American mezzo-soprano and soprano singer Grace Melzia Ann Bumbry is considered one of the leading opera singers of her generation. She was born on January 4, 1937, in St. Louis, Missouri. Bumbry grew up singing in the church choir along with her parents and two brothers. She attended Sumner High School in St. Louis where she was mentored by Kenneth Brown Bilups, a well-known black music choir director. At the age of 17, she won a talent contest on a St. Louis radio station. Her prize included a scholarship to a local conservatory school, but the school was unwilling to admit an African American student.
She first made her appearance in concert in 1959 in London, and her opera debut at the Paris Opera in 1960, at the age of 23. She sang the mezzo-soprano part of Amneris in Giuseppe Verdi’s “Aida.” In 1961, she became the first black woman to sing the role of Venus in Richard Wagner’s Tannhauser at the Wagner Bayreuth Festival.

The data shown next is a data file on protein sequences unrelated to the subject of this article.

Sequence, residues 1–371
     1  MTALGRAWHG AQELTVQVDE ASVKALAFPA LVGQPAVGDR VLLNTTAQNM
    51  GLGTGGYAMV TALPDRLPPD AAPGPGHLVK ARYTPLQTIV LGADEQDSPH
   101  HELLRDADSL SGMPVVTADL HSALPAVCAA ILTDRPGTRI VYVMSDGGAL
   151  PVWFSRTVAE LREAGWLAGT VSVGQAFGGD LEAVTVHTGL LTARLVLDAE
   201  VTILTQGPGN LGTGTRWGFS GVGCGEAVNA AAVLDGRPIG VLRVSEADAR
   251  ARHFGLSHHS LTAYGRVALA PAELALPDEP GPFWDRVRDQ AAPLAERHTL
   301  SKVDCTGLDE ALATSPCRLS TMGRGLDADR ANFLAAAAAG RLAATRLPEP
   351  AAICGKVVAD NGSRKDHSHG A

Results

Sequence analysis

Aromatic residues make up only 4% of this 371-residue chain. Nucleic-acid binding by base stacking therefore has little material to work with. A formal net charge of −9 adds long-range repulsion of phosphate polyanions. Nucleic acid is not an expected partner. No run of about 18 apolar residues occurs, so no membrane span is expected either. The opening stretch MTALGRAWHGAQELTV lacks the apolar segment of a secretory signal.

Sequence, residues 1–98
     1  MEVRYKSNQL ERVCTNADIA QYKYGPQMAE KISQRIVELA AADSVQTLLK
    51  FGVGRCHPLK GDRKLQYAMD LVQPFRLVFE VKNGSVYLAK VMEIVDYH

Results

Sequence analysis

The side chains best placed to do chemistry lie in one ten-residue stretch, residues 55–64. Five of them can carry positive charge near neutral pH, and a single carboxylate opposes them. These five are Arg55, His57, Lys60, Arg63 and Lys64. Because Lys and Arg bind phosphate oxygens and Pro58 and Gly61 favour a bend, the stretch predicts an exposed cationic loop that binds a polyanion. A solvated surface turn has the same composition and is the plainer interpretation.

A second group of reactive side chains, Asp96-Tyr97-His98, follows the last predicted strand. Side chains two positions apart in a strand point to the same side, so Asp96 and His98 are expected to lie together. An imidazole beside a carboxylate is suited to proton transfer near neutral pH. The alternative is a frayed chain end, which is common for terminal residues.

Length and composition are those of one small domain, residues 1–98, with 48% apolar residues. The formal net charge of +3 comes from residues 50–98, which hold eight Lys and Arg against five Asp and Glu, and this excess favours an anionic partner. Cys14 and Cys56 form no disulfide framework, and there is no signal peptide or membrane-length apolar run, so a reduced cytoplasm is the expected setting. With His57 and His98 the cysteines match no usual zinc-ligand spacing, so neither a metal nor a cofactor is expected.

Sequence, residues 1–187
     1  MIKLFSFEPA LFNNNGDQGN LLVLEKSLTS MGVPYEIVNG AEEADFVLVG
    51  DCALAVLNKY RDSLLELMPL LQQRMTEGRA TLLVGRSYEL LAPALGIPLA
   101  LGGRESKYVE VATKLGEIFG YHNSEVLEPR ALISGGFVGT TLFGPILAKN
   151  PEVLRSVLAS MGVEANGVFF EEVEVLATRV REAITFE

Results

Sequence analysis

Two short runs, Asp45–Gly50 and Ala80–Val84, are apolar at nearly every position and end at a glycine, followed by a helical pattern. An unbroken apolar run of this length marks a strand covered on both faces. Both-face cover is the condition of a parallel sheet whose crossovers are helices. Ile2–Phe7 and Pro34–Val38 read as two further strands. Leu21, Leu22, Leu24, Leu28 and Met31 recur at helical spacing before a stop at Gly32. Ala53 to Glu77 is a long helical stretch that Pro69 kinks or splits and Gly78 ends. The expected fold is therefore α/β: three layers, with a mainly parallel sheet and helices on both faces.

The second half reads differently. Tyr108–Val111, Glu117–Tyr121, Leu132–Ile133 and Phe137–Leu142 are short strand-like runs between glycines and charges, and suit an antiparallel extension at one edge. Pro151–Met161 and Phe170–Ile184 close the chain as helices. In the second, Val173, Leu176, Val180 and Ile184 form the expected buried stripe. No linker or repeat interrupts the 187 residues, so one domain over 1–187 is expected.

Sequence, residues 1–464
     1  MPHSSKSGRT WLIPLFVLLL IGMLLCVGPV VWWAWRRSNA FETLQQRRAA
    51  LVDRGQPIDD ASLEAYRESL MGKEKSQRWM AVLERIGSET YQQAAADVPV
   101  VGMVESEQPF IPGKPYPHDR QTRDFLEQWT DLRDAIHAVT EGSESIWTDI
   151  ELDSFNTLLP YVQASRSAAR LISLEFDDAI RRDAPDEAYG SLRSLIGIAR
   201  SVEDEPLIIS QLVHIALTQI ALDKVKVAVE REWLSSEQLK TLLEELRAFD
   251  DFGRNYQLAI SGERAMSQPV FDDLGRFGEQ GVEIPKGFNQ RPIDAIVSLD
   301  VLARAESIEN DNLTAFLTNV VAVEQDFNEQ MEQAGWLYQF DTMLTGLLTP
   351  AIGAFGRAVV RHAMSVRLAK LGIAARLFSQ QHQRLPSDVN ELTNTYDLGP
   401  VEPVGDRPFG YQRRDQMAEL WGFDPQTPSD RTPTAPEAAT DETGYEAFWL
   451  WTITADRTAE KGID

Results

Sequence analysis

Bumbry performed around the world and mastered the great mezzo-soprano and soprano roles in the classical opera repertoire in a career that spanned nearly 40 years. Bumbry made her Royal Opera House, Covent Garden debut in 1963; her La Scala debut in 1964; and her Metropolitan Opera debut as Princess Eboli in Verdi’s “Don Carlo” in 1965.
Bumbry continued to sing professionally through the 1980s and 1990s. She has been featured in a tribute to legendary contralto Marian Anderson at Carnegie Hall. In 2009, she founded The Grace Bumbry Vocal and Opera Academy in Berlin. She was also among those honored with the 2009 Kennedy Center Honors, for her contribution to the performing arts.